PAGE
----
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Plant physiology

Nitric oxide and protein S-nitrosylation are integral to hydrogen peroxide-induced leaf cell death in rice.


PMID 22106097

Abstract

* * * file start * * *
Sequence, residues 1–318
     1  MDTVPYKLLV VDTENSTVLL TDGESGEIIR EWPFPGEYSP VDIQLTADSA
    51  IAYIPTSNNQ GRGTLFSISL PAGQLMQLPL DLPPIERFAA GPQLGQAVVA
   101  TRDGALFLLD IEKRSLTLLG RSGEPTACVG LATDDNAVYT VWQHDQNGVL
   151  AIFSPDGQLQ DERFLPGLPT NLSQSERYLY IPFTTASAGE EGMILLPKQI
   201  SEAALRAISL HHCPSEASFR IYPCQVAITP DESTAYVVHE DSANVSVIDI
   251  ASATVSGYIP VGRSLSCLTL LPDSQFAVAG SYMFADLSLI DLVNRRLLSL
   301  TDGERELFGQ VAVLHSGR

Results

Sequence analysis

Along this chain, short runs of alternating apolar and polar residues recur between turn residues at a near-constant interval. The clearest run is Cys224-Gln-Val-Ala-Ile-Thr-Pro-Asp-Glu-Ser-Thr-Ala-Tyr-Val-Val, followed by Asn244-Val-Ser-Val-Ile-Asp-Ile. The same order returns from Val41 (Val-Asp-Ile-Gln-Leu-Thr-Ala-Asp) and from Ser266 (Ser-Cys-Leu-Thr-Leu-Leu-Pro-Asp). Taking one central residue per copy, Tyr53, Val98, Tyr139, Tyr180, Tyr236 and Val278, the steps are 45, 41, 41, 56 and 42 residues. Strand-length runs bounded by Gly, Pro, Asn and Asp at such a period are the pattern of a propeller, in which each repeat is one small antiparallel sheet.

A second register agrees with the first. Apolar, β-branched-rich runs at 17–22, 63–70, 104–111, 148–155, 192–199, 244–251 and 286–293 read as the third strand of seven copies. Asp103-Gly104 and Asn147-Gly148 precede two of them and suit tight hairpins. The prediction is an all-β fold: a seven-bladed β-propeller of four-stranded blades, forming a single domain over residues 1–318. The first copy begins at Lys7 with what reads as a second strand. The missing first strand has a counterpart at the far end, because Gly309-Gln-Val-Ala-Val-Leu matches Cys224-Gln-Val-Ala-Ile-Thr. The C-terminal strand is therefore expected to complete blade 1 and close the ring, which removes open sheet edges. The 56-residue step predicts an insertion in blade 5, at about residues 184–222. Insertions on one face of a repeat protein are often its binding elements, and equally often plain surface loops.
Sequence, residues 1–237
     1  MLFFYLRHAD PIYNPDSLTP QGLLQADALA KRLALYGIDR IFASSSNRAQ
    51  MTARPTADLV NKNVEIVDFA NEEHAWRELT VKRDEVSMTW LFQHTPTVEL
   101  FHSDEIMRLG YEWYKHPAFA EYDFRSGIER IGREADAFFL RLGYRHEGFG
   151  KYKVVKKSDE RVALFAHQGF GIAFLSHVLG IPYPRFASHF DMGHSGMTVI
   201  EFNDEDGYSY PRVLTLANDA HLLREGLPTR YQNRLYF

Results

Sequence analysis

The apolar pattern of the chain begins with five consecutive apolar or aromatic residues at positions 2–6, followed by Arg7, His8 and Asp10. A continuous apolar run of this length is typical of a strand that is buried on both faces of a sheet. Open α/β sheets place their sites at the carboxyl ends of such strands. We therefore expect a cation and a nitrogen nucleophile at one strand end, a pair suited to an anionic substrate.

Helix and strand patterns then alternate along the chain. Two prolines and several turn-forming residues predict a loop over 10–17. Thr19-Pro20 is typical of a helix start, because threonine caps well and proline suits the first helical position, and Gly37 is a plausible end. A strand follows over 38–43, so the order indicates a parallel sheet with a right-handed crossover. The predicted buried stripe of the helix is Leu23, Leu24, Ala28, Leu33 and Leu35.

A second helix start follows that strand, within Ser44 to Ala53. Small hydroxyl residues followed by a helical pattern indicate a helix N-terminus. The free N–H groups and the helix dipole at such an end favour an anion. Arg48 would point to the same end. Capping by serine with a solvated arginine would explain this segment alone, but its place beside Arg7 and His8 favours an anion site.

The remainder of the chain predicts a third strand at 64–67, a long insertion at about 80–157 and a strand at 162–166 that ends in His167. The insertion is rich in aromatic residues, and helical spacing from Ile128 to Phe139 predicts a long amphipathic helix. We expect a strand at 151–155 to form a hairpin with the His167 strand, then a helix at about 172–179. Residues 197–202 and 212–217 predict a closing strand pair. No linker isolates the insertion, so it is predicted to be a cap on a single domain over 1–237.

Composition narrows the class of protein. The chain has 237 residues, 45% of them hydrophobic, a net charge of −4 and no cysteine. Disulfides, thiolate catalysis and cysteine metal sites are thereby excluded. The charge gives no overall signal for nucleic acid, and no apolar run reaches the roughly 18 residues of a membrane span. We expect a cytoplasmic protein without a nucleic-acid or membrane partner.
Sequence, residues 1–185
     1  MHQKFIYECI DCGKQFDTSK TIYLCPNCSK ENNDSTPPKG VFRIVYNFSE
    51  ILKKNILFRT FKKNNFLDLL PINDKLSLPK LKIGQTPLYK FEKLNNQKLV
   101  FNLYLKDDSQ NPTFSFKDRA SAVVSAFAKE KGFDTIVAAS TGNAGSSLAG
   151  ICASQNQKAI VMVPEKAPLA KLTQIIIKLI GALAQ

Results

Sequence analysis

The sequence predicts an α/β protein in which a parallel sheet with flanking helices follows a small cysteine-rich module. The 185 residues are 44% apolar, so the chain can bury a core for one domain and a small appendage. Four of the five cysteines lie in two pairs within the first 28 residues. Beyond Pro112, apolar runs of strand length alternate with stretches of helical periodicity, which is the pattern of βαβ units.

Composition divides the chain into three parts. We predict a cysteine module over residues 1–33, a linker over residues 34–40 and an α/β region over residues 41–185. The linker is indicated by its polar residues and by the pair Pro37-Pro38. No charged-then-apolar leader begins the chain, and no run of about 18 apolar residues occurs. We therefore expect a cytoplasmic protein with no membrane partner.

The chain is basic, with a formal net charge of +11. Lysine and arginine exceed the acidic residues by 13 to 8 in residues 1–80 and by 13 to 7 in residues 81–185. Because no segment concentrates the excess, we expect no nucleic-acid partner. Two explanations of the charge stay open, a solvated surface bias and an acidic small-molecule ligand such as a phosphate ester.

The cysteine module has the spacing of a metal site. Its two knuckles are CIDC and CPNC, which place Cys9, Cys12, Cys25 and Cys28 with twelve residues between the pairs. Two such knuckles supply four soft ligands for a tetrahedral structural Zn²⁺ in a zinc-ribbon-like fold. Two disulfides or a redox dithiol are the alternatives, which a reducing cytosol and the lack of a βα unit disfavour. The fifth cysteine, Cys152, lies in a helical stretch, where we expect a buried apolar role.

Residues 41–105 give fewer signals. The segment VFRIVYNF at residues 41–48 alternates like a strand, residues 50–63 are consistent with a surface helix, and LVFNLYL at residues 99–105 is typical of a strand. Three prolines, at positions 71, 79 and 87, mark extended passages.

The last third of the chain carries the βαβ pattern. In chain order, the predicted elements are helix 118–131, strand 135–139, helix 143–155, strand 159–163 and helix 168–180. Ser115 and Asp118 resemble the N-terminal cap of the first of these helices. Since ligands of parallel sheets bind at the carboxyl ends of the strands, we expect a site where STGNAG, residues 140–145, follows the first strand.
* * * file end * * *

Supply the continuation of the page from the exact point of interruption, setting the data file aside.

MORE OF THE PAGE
Nitric oxide (NO) is a key redox-active, small molecule involved in various aspects of plant growth and development. Here, we report the identification of an NO accumulation mutant, nitric oxide excess1 (noe1), in rice (Oryza sativa), the isolation of the corresponding gene, and the analysis of its role in NO-mediated leaf cell death. Map-based cloning revealed that NOE1 encoded a rice catalase, OsCATC. Furthermore, noe1 resulted in an increase of hydrogen peroxide (H(2)O(2)) in the leaves, which consequently promoted NO production via the activation of nitrate reductase. The removal of excess NO reduced cell death in both leaves and suspension cultures derived from noe1 plants, implicating NO as an important endogenous mediator of H(2)O(2)-induced leaf cell death. Reduction of intracellular S-nitrosothiol (SNO) levels, generated by overexpression of rice S-nitrosoglutathione reductase gene (GSNOR1), which regulates global levels of protein S-nitrosylation, alleviated leaf cell death in noe1 plants. Thus, S-nitrosylation was also involved in light-dependent leaf cell death in noe1. Utilizing the biotin-switch assay, nanoliquid chromatography, and tandem mass spectrometry, S-nitrosylated proteins were identified in both wild-type and noe1 plants. NO targets identified only in noe1 plants included glyceraldehyde 3-phosphate dehydrogenase and thioredoxin, which have been reported to be involved in S-nitrosylation-regulated cell death in animals. Collectively, our data suggest that both NO and SNOs are important mediators in the process of H(2)O(2)-induced leaf cell death in rice.

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